From: Objects and the archive on 27 Aug 2020

L’Expédition Particuliere: Winter 1780 and the Battle of Cape Henry

In July 1780, after three and half months at sea, nearly 6,000 thousand men[1] and supplies crammed on four frigates, seven ships of the... The post <i>L’Expédition Particuliere</i>: Winter 1780 and the Battle of Cape Henry appeared...

A Painter Abroad: John Singleton Copley Writes to His Wife

It may have been Henry Wadsworth Longfellow’s patriotic paean that belatedly canonized a heroic horseman as a key figure of the American Revolution, but... The post A Painter Abroad: John Singleton Copley Writes to His Wife appeared first on Journal...

Lettres philosophiques 4D – coming soon to libraries near you!

Title page of 1733 edition. (Taylor Institution, Arch.8o.E.1733) ‘Lettres philosophiques! Lettres philosophiques!’, I hear you cry. And I bring you glad tidings: the time has almost come and your thirst will soon be quenched; volume 6B of...
From: Voltaire Foundation on 30 Jul 2020

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Notes on Post Tags Search

By default, this searches for any categories containing your search term: eg, Tudor will also find Tudors, Tudor History, etc. Check the 'exact' box to restrict searching to categories exactly matching your search. All searches are case-insensitive.

This is a search for tags/categories assigned to blog posts by their authors. The terminology used for post tags varies across different blog platforms, but WordPress tags and categories, Blogspot labels, and Tumblr tags are all included.

This search feature has a number of purposes:

1. to give site users improved access to the content EMC has been aggregating since August 2012, so they can look for bloggers posting on topics they're interested in, explore what's happening in the early modern blogosphere, and so on.

2. to facilitate and encourage the proactive use of post categories/tags by groups of bloggers with shared interests. All searches can be bookmarked for reference, making it possible to create useful resources of blogging about specific news, topics, conferences, etc, in a similar fashion to Twitter hashtags. Bloggers could agree on a shared tag for posts, or an event organiser could announce one in advance, as is often done with Twitter hashtags.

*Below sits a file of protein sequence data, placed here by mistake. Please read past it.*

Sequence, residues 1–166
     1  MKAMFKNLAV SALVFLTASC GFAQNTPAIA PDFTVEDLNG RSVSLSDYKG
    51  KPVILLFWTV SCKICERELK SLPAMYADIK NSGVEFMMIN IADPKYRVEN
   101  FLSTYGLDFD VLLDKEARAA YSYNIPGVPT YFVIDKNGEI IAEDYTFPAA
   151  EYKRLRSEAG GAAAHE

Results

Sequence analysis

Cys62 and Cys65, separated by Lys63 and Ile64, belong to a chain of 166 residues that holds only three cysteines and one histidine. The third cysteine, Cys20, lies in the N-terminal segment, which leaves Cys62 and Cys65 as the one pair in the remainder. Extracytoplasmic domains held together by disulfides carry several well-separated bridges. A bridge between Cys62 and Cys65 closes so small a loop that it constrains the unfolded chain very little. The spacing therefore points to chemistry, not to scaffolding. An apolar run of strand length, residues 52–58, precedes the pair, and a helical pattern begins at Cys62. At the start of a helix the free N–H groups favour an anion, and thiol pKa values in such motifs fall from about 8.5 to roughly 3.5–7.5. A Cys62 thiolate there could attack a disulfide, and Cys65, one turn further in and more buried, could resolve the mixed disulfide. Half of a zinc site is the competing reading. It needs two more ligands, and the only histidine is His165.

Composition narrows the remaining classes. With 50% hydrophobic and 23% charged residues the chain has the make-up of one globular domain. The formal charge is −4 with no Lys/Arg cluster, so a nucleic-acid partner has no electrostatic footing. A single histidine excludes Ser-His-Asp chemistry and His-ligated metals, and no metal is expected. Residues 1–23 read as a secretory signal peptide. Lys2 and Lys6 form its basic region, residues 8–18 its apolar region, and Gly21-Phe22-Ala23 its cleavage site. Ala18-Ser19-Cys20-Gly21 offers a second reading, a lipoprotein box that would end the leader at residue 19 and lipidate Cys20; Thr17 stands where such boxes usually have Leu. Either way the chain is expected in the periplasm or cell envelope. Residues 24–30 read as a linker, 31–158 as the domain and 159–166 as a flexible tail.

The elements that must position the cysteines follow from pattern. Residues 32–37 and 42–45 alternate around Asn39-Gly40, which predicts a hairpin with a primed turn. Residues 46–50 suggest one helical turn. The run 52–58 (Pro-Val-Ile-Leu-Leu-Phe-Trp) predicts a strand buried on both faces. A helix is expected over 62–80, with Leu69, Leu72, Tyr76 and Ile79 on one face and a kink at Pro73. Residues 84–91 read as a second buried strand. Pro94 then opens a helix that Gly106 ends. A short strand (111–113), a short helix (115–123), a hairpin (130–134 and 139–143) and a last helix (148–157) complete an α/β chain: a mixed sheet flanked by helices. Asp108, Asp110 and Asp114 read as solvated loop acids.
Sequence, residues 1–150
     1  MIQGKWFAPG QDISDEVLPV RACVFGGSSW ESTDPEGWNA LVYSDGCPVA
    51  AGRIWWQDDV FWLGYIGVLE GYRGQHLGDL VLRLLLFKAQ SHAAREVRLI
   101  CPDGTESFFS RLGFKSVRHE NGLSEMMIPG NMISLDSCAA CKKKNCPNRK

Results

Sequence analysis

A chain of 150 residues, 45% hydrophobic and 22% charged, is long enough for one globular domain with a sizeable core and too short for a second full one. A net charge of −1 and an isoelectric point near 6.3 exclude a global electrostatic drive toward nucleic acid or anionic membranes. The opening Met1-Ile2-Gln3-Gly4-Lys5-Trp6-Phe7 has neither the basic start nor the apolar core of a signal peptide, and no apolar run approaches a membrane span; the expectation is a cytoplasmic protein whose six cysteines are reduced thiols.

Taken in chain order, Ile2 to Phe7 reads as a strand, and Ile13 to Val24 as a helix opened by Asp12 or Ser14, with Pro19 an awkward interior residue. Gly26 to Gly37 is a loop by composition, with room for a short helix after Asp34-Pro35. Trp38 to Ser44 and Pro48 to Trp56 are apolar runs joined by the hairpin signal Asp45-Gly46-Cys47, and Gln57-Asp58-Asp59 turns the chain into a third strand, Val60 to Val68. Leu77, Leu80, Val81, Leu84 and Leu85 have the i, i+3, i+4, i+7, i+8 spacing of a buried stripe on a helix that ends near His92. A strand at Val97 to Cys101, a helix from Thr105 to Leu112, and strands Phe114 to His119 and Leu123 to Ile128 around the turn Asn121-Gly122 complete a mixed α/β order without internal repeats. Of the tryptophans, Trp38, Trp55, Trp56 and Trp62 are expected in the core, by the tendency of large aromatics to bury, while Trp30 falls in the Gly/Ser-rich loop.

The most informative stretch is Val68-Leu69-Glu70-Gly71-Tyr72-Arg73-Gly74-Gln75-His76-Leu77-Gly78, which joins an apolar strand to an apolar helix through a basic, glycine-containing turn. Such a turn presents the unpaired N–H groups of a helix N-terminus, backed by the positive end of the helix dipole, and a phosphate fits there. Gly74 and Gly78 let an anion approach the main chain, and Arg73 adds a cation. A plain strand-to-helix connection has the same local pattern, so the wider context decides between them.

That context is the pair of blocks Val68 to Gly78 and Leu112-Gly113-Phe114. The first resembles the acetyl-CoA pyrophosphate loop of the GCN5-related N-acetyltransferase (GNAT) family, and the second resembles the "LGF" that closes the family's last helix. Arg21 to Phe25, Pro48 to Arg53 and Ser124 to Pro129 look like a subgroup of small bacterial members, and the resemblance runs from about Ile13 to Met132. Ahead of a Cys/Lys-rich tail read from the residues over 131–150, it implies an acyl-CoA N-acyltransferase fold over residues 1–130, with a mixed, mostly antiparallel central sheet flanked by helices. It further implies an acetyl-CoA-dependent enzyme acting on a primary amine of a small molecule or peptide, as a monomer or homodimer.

Caveats and Work in Progress

This does not search post content, and it will not find any informal keywords/hashtags within the body of posts.

If EMC doesn't find any <category> tags for a post in the RSS feed it is classified as uncategorized. These and any <category> 'uncategorized' from the feed are omitted from search results. (It should always be borne in mind that some bloggers never use any kind of category or tag at all.)

This will not be a 'real time' search, although EMC updates content every few hours so it's never very far behind events.

The search is at present quite basic and limited. I plan to add a number of more sophisticated features in the future including the ability to filter by blog tags and by dates. I may also introduce RSS feeds for search queries at some point.

Constructing Search Query URLs

If you'd like to use an event tag, it's possible to work out in advance what the URL will be, without needing to visit EMC and run the search manually (though you might be advised to check it works!). But you'll need to use URL encoding as appropriate for any spaces or punctuation in the tag (so it might be a good idea to avoid them).

This is the basic structure:

http://emc.historycarnival.org/searchcat?s={search term or phrase}

For example, the URL for a simple search for categories containing London:

http://emc.historycarnival.org/searchcat?s=london

The URL for a search for the exact category Gunpowder Plot:

http://emc.historycarnival.org/searchcat?s=Gunpowder%20Plot&exact=on

In this more complex URL, %20 is the URL encoding for a space between words and &exact=on adds the exact category requirement.

I'll do my best to ensure that the basic URL construction (searchcat?s=...) is stable and persistent as long as the site is around.